As an introvert I am pretty comfortable with my own company. Of course there is no better way to enjoy drinking beer than with friends, which is something I crave for at moment, but in more normal circumstances I have no issue with taking myself off to the pub and using that time to catch up with some blogging or social media.
I remember an occasion last year when I decided to nip to my local micro pub by myself. I had already been there an hour before a regular stopped to ask me if I was on my own and where my partner was. I explained that he would be joining me later but that I had decided to come down early for a couple of beers by myself. The regular was very surprised and commended me on having the confidence to come out on my own. Coming from someone who I would consider to be an independent and confident woman I was taken aback that she said she would never have thought about drinking in the pub on her own when she was younger. To be honest it had never occurred to me that it would be unusual for a young woman to go to the pub by herself, particularly as I have been doing it for some time now.
* * *
A little while ago I was involved in a Twitter thread where a fellow beer writer had asked a question about how people felt visiting a pub or bar on their own. The responses were varied and mostly from a male perspective. I joined the thread explaining that it doesn’t bother me and that I am quite happy to be on my own. I received a reply from the beer writer who hadn’t really thought about it from a female perspective, perhaps assuming that it isn’t something women tend to do. I also received replies from other women who shared their stories of harassment or feelings of uncomfortableness when they have been on their own in a pub or bar environment. These comments saddened me, especially as I have not experienced problems like these whilst I’ve been by myself. We have just had International Women’s Day on 8th March, a day to celebrate the great achievements of women as well as continue to raise awareness, but we still read stories of women who feel unable to do very basic things on their own. In this day and age, if men are able to go out to a pub or bar on their own then why would it be different for women?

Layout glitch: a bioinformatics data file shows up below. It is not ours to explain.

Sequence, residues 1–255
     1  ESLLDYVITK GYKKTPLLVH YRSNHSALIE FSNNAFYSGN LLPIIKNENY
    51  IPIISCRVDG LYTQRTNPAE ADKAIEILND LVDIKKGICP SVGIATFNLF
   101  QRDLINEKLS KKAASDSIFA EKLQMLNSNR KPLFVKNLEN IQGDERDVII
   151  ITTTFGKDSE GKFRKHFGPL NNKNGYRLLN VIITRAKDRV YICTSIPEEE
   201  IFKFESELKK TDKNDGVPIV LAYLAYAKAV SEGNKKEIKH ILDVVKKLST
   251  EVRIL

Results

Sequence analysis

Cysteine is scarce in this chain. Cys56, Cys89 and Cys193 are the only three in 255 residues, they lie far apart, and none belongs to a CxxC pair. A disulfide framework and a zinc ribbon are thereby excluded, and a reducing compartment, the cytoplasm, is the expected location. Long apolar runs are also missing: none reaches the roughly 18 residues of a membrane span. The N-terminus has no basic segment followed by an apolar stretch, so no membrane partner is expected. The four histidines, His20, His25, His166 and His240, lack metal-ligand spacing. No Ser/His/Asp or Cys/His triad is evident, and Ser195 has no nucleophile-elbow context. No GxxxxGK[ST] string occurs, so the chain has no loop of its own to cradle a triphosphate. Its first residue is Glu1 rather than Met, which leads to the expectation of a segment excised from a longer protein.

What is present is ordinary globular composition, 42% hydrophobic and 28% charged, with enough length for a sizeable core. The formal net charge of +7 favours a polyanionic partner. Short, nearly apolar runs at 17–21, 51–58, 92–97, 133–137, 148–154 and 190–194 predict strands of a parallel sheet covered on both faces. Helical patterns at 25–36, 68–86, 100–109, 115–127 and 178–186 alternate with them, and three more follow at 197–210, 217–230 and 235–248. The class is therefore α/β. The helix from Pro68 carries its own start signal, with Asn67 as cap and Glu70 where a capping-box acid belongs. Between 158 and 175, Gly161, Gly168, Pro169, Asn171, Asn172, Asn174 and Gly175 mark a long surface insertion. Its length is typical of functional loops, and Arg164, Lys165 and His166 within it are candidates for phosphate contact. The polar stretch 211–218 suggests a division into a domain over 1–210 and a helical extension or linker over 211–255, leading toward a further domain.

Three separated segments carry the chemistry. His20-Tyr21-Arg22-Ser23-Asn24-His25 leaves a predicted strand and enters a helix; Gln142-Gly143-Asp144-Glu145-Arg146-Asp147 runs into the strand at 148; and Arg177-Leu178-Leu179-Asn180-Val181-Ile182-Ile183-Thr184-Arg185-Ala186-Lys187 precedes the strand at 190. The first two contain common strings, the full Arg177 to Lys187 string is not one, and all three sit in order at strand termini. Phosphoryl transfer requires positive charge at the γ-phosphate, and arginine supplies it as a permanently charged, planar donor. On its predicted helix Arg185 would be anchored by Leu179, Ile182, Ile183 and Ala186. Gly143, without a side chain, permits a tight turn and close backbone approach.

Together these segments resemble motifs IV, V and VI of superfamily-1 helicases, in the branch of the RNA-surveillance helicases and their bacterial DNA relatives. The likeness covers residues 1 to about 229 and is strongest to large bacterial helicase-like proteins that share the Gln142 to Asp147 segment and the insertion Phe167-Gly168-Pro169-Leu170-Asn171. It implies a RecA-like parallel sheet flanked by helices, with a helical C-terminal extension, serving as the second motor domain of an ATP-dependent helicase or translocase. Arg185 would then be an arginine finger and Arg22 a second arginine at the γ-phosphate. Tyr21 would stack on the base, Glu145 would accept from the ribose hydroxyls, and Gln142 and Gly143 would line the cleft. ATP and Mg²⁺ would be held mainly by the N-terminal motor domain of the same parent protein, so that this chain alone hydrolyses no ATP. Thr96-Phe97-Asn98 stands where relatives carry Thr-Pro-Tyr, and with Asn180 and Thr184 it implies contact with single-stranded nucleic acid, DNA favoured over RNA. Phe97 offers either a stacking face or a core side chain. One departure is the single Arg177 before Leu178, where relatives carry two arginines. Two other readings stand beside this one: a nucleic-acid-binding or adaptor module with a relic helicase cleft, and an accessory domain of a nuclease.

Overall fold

The answer is sadly to do with the safety of women, an issue that has recently been highlighted after the tragic news of Sarah Everard. At some point in every woman’s life we have probably felt vulnerable when we have been in situations on our own. I am fortunate that I live in a small town, in an area where crime is relatively low but this doesn’t make me any more complacent. Although I am confident to go to a bar, taproom or pub on my own I have realised that I consider my own safety without really thinking about it. Mentally I have already prepared a risk assessment before I leave home, almost as if it is instinctive. I only go to places that I am familiar with, I know the surrounding area and I know the best ways to get there, whether that be on foot or by taxi. Many of the pubs and taprooms I visit I am familiar with the staff so I know if I had any trouble I could seek help. The beer community, micro pubs and tap rooms are very inclusive and strive to create a safe and fun environment for everyone which is something to be proud of. I have never had feelings of being uncomfortable or unwelcome in any of the bars or taprooms I have visited and I have always felt secure as well as relaxed to be by myself, which is something that I think should be commended.
Whilst I am very much looking forward to being able to meet in pubs again with my friends and family, as I have really missed having that social interaction, a part of me is also ready to go back out to the bars and taprooms on my own again. I hope that the recent boost of awareness following the Sarah Everard case will encourage people to continue to look out for one another so that everyone can make it home safely.